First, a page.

Overseas voting for the 2022 polls began on April 10 and will end on May 9, Election Day in the Philippines.
Garcia explained that when the Comelec print ballots, “we don’t print them individually. We print them by batch. For example, if a batch for New Zealand voters consists of a thousand ballots, then there should be a thousand of our compatriots complaining that a candidate’s name is missing from their ballots.”
“That’s fake news. We have referred a lot of them to the NBI,” he added, referring to the National Bureau of Investigation.
Meanwhile, the Philippine National Police (PNP) said security measures are all set as more than 40,000 police personnel will be deployed for
the May 9 national and local elections
PNP chief Gen. Dionardo Carlos said this figure is still expected to go up next week to boost the security operations for the upcoming polls.
Carlos said more than 16,000 police officers with their mandatory career courses and field training exercises for election duties have been recalled and would serve on election day.
“We will have more police on the ground come D-Day,” Carlos said in a media interview on Monday after the unveiling ceremony of the “PNP Officer” Statue at Camp Crame.
Carlos said they are closely monitoring the situation on the ground ahead of the polls.
Aside from security operations, the PNP is also taking part in the Commission on Election’s effort to prevent vote buying and other illegal poll-related activities.
Meanwhile, PNP Directorate for Operations director, Maj. Gen. Valeriano de Leon said the peace and order situation in Abra is continuously monitored, even if it is no longer under Comelec control.
De Leon, who was also concurrent deputy commander of the National Security Task Force on National and Local Elections, said he instead ordered stricter security measures in the province.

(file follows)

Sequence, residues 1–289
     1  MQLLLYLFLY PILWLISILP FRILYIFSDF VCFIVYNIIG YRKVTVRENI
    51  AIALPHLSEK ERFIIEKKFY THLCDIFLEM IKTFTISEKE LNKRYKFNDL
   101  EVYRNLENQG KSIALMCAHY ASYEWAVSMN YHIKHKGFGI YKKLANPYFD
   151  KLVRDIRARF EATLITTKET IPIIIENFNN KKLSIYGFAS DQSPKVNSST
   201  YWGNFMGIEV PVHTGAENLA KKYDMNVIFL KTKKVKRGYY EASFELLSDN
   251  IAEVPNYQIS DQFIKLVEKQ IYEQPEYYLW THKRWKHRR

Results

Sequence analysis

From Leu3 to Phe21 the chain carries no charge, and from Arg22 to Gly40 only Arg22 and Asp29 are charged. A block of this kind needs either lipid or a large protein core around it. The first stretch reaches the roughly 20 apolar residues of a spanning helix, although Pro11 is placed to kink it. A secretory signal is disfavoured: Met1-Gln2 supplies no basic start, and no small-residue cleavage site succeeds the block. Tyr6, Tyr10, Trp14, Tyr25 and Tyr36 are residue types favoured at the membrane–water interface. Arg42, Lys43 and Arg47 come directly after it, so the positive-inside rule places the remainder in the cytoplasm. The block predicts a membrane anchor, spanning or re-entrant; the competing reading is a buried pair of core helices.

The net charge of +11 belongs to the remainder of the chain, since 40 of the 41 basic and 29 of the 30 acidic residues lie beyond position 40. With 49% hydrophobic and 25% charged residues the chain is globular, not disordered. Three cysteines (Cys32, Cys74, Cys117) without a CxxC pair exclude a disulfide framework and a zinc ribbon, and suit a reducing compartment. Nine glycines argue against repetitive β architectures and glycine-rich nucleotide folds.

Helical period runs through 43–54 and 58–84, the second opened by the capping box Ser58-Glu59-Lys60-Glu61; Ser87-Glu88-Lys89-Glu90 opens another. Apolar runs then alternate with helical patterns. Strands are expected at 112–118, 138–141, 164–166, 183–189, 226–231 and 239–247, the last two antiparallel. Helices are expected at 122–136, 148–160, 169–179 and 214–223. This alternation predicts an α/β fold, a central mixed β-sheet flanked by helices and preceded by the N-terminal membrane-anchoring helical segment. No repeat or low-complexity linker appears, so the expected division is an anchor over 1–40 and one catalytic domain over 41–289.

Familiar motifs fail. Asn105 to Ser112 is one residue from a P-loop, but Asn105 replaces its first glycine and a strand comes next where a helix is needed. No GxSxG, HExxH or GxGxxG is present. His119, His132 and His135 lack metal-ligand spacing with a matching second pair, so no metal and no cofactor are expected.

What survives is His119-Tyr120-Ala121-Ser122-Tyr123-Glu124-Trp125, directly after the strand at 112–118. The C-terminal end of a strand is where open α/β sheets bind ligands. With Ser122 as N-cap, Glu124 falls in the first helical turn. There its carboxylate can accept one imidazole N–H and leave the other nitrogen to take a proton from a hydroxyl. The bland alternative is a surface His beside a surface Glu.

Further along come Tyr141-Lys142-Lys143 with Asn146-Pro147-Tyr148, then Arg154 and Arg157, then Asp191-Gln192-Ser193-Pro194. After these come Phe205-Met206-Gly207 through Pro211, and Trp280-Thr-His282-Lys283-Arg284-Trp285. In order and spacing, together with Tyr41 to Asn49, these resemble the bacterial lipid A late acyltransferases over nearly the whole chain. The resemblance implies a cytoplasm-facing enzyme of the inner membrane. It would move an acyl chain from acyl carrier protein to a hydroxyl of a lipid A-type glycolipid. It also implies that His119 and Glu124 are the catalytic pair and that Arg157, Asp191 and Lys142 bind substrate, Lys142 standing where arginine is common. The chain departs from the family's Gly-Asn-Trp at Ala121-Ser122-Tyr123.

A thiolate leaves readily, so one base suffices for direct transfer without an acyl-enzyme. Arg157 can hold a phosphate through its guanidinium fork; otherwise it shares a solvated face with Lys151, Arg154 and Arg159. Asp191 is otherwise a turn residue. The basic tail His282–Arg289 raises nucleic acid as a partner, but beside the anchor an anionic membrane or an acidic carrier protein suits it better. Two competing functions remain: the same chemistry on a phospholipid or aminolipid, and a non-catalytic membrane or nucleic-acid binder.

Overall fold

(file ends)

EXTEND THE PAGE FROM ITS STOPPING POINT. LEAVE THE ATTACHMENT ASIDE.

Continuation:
Abra is among the provinces in the Cordillera being closely watched by the police due to a history of poll-related violence.
De Leon said the police commanders have been asked to ensure that there will be no repeat of the incident in Pilar town, wherein the bodyguards of a vice mayor running for reelection engaged the police in a gunfight.
More than 30,000 personnel of the PNP are set to participate in the local absentee voting (LAV) for the 2022 national and local elections
for three days, a PNP official said Monday.
A total of 26,813 cops assigned in police regional offices and 3,248 cops assigned to the national headquarters in Camp Crame will avail the LAV on April 27, 28 and 29, PNP public information office chief Brig. Gen. Roderick Alba said. They may vote on any of these days from 8 a.m. until 5 p.m.
The manner of voting for LAV is manual where they have to write down the names of their candidates on the official ballot.
They will be voting for national positions only, one each for president and vice president, 12 senators, and one party-list group.
Under LAV, voters are allowed to vote in places where they are not registered voters but where they are temporarily assigned to perform election duties on election day, or in the case of the media, who will not be able to vote due to the performance of their functions in
covering and reporting on the elections.